CORK CITY fans should today be preparing for the trip to Crosshaven to see their team play Cobh Ramblers in a charity pre-season friendly.
Instead, there's no guarantee that the game will go ahead, or that Cork City FC will even exist as a going concern by kick-off time tonight as, despite yesterday's vow by controversial club owner Tom Coughlan that he was stepping down as chairman, the long-term future of the Leesiders is not certain.
Cork have had many D-days and deadlines in the miserable period that Coughlan has been in charge at Turner's Cross, City the subject of three winding-up orders (the third comes up before the courts in Dublin on Monday) and a dozen court appearances.
But 5pm today is now the latest deadline to be met if the club is to survive.
Coughlan yesterday announced that he was standing down as chairman of the club, a position he was, in reality, unable to fulfil anyway due to a 12-month ban from football-related activities imposed by the FAI last month for bringing the game into disrepute. He also stated that he would facilitate the handing over of control of the club to a new consortium.
But that handover has been delayed over the financial terms of the deal, as Coughlan, who has claimed to have put €800,000 of his own money into the club since he took over in 2008, is looking for some form of severance payment, while the head of the takeover group, local businessman Mick O'Connell, is unwilling to meet Coughlan's demands.
O'Connell has reportedly already made a significant contribution to the club when they were trying to pay off a tax bill to avoid being wound up last year, and is said to be unwilling to hand over a large cash sum to Coughlan to persuade him to walk away.
Timing is vital as 5pm today is the deadline for submission to the FAI of final accounts for last season for all League of Ireland clubs.
Cork owe a sum in excess of €300,000 to a number of creditors, including former managers Alan Mathews and Paul Doolin, former player Gareth Farrelly (owed €40,000) and the six players who have been under contract since last season. As of this morning the club had not paid those debts or reached an agreement with the creditors.
Cork are due to receive a payment of €150,000 from Burnley on Monday in relation to the sale of defender Kevin Long, but that cash won't even touch the club's bank accounts as it has been promised by the Revenue Commissioners for payment of back taxes.
The non-payment of those debts is why the Cork players took the unusual step of arranging a press conference in the city this morning to highlight their concerns and make clear their views: that they would take no part in football activity as long as Coughlan remained in charge.
"It's gone beyond a joke at this stage so we, as players, have to take a stand," said Cork keeper Dan Connor, one of those six players who has gone unpaid since last November, even though he's under contract.
"We have made it clear that we will not play a competitive game for Cork City as long as the current owner is in charge. I have not been paid since November 14. I am owed a substantial figure in back wages and I am not prepared to just walk away from that.
"Other players are in the same position. One player has been evicted from his apartment because the landlord got fed up with broken promises about him paying the rent, because the club had repeatedly broken promises.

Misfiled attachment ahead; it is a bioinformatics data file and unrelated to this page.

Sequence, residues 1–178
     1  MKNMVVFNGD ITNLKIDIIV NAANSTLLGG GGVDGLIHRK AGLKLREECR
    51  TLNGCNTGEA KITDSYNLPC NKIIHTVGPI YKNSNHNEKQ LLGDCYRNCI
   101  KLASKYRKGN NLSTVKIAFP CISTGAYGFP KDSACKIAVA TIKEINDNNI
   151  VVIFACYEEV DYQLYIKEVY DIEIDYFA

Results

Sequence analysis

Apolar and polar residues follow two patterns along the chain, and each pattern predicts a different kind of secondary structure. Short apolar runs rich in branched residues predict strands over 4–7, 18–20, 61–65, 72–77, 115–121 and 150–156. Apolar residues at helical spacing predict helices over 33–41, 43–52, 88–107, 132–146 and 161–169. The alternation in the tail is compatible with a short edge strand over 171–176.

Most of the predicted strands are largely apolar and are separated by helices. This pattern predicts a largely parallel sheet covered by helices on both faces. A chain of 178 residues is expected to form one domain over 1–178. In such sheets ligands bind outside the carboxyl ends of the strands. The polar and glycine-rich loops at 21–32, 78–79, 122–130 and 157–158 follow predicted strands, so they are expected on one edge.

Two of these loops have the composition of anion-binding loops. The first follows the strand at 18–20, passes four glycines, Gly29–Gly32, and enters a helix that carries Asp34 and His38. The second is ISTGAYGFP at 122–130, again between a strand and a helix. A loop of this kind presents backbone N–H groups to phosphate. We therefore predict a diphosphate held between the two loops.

"What has happened here at this club is a joke. For the players, it's not just about the money, it's the way we are treated. We started back pre-season training last week but there was no physio at training, which is a clear breach of club licensing.
"If any player had got injured, there was no one there to treat him, so we were putting our health in danger. We alerted the club to this but they said they would have a physio in place on February 1," added Connor.
Cork players and supporters almost choked on their evening meal when they heard Coughlan defend himself and his regime on RTE radio last night, especially his assertion that Cork City FC was in a healthier state now than when he took over in 2008.
"I did a couple of naive things. I inherited back pay of nearly €500,000 and paid that to all the players over a period of time, but I got nothing but bad press for it. I have done my absolute best," said Coughlan.
"I don't think the League of Ireland is working. There are problems at Bohemians, Derry, there are issues with the workings of the League of Ireland and that's the FAI's responsibility.
"I have lost a significant amount of money in this. The money's not the issue, my disappointment is the lack of genuine conviction among certain elements of the executive of the FAI to promote proper, quality football in Ireland. The priority now is that Cork City has League of Ireland at Premier Division level next season and we have to get that moved on as soon as possible.
"We are in discussions, there is an interim chairman being appointed to oversee the due diligence and the procedure that's required. What we don't want now is someone coming in and finding problems that they're not happy with; the audit is being completed at the moment, when that's finalised these new purchasers can have a look at it," added Coughlan.
"They are a good bunch, they are enthusiastic and have good experience in football and hopefully they can take it forward.
"It's up to the FAI if the club get a licence but hopefully the FAI can work with the new lads and get that done as soon as possible."
Sadly, time is one asset that Cork City FC do not have.